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February 2, 1996

First State Insurance Co., a corporation, Plaintiff,
Callan Associates, Inc., a corporation, and Does 1 through 20, inclusive, Defendants.

The opinion of the court was delivered by: BRAZIL



 Earlier this year, Callan Associates, Inc. (hereafter Callan) filed a motion asking District Judge Weigel to decline to exercise jurisdiction over the declaratory relief action that First State Insurance Company (hereafter First State) had filed some nine months earlier. In April Judge Weigel decided to decline jurisdiction over two of the bases on which First State based its claim that it had no liability under the subject insurance policy, but decided to exercise his discretion to retain jurisdiction over the third basis for First State's position, namely that Callan allegedly had "failed to disclose the possibility of litigation on its application for the Policy *fn1" and that Callan failed to give timely notice *fn2" to First State regarding the KPERS litigation." Memorandum and Order, filed April 13, 1995, at 7.

 The result of Judge Weigel's decision is to send two of the three possible bases for a finding that First State has no liability to another forum - presumably the Superior Court for the City and County of San Francisco. *fn3" If First State were to prevail on the claim that would remain here under Judge Weigel's ruling there would be no need to litigate the remaining two possible bases for the relief First State pursues, but if Callan were to prevail here, First State would be constrained to proceed in a separate action in a California state court. Since I have no idea which party is likely to prevail on the merits of the "failure to disclose" theory, I must assume that there is a fifty-fifty chance that retaining jurisdiction here over that claim will result in First State and Callan having to litigate the other two possible bases for a finding of no-liability in a California court. Thus, by retaining jurisdiction here over the "failure to disclose" claim, I would create a non-de minimis risk that Callan would be forced to litigate matters related to the underlying claim in three different courts. One way to frame the issue I address in this opinion is to ask whether exposing Callan to that risk is justified.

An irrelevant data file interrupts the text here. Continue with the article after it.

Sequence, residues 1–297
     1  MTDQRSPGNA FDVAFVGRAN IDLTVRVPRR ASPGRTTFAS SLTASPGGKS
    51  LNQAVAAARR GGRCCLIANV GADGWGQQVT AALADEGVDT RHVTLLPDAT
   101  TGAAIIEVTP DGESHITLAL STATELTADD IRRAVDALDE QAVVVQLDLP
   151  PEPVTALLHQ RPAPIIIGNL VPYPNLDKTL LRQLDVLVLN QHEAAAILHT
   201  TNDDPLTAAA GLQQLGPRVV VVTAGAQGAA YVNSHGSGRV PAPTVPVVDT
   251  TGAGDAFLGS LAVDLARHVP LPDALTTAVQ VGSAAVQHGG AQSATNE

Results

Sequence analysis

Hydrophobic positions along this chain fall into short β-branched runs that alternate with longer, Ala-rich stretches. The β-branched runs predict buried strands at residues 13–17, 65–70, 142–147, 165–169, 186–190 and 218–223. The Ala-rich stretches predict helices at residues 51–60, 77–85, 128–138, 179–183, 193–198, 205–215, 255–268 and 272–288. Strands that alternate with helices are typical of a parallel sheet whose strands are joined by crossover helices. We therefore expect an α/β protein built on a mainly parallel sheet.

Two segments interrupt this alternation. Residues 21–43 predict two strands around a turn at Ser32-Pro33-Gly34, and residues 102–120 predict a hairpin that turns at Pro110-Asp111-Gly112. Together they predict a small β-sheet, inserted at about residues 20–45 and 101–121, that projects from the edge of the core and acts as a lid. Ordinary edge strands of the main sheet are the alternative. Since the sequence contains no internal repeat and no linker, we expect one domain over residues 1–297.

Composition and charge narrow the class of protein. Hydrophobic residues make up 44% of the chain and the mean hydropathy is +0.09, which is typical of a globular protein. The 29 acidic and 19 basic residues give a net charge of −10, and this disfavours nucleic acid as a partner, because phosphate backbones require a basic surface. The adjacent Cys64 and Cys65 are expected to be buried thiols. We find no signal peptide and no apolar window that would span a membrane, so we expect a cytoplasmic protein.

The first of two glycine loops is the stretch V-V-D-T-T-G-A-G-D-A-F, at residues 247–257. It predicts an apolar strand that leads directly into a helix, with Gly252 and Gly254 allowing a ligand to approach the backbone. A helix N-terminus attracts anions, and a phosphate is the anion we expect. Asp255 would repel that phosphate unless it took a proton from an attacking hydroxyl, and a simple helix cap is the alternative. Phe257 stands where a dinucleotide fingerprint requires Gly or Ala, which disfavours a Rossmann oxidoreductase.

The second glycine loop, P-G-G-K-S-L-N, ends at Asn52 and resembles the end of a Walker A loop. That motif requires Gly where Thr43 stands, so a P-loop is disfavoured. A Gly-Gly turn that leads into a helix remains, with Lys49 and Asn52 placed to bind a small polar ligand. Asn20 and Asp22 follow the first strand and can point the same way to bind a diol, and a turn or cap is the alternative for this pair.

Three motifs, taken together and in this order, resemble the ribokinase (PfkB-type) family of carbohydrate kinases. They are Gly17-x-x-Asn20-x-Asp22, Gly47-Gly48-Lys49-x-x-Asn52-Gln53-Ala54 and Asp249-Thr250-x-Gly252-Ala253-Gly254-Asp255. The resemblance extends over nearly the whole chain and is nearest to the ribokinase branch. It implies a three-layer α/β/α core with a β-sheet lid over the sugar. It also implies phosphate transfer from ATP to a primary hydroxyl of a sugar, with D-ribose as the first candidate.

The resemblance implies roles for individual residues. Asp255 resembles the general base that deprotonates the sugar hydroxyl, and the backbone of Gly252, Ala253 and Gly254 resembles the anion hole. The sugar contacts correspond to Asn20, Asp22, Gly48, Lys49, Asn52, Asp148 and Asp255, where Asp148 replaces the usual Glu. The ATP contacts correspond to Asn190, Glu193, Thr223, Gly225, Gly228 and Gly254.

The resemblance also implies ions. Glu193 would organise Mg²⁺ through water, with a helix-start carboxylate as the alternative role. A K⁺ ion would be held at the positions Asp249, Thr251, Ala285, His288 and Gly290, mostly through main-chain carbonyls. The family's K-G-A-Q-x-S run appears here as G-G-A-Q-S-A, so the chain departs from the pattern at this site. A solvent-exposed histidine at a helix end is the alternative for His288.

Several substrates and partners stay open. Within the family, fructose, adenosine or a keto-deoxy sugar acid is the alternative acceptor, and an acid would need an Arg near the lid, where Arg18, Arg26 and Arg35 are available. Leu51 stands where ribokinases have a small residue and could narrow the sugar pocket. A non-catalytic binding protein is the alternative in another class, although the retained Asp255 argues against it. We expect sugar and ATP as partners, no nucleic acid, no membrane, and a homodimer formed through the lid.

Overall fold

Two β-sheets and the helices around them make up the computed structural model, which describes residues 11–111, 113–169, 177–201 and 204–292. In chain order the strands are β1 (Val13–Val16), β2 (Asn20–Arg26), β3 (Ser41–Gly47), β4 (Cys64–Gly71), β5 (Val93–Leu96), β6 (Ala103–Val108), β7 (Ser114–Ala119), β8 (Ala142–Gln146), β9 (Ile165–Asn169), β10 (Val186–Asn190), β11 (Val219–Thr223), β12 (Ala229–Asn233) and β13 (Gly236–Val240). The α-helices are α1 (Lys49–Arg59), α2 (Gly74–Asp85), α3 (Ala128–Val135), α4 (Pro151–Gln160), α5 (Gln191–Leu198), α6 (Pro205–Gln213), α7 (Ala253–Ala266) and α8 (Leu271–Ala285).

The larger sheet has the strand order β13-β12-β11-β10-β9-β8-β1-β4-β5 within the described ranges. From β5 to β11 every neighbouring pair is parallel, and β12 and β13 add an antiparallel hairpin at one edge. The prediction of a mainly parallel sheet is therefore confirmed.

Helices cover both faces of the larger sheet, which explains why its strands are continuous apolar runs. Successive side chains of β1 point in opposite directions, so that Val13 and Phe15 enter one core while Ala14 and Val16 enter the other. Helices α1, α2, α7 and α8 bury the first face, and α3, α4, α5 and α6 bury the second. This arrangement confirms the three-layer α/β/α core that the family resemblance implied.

The principal reason that I am addressing these matters at all is that three relevant appellate court opinions were published after Judge Weigel issued his rulings in April. One of those opinions was issued by the Supreme Court of the United States, Wilton v. Seven Falls Co., 132 L. Ed. 2d 214, U.S. , 115 S. Ct. 2137 (June 12, 1995). The United States Court of Appeals for the Ninth Circuit is the source of the other two pertinent opinions, one of which preceded Wilton by about six weeks, American National Fire Ins. Co. v. Hungerford, 53 F.3d 1012 (9th Cir. April 27, 1995), and the other of which followed Wilton by about three months, Employers Reinsurance Corp. v. Karussos, 65 F.3d 796 (9th Cir. September 13, 1995). Judge Weigel did not have an opportunity to consider the implications of these clearly relevant cases. It is to that task that I now turn.

 The relationships between these three cases are complicated, but a full explication of those relationships is not necessary here. It is necessary to decide, however, whether Karussos, the most recent of these pronouncements, articulates the law that I must apply here. First State contends that Karussos is irreconcilable with Wilton and that I must follow Wilton, which was decided by the highest court. Without trying to reconcile these two opinions, Callan contends that I am required to apply the test announced in Karussos.

 For two reasons, one of which is compelling, I have decided that I must apply the Karussos test. That compelling reason is that I would threaten the reality of law itself if I were to take it upon myself to determine whether the Karussos court had correctly understood Wilton and, if I concluded that it had not, were then to strike out on some doctrinal path that I felt was more in keeping with Wilton than the path chosen by the Court of Appeals for the Ninth Circuit. I sit as a trial court. I am duty bound to apply the law as the court that sits above me declares the law to be - even if I vehemently disagree with it. If every trial court felt free to determine whether clear pronouncements of the law by the court of appeals above it were "incorrect" (meaning, here, irreconcilable with earlier pronouncements by the Supreme Court), we would be faced with the prospect of complete doctrinal disarray. We would be working, in essence, in a lawless system, a system of men, not laws. My oath of office requires that I follow Karussos.

 I hasten to emphasize that it is indisputable that the Karussos court was fully aware of Wilton. The Karussos opinion discusses Wilton in three separate places. Obviously, the unanimous panel of Ninth Circuit judges who decided Karussos believed that the doctrine they announced there was consistent with Wilton. Since they are my doctrinal bosses, it is not my place to second guess them - or at least to use such a second guess to justify not applying the law they have articulated.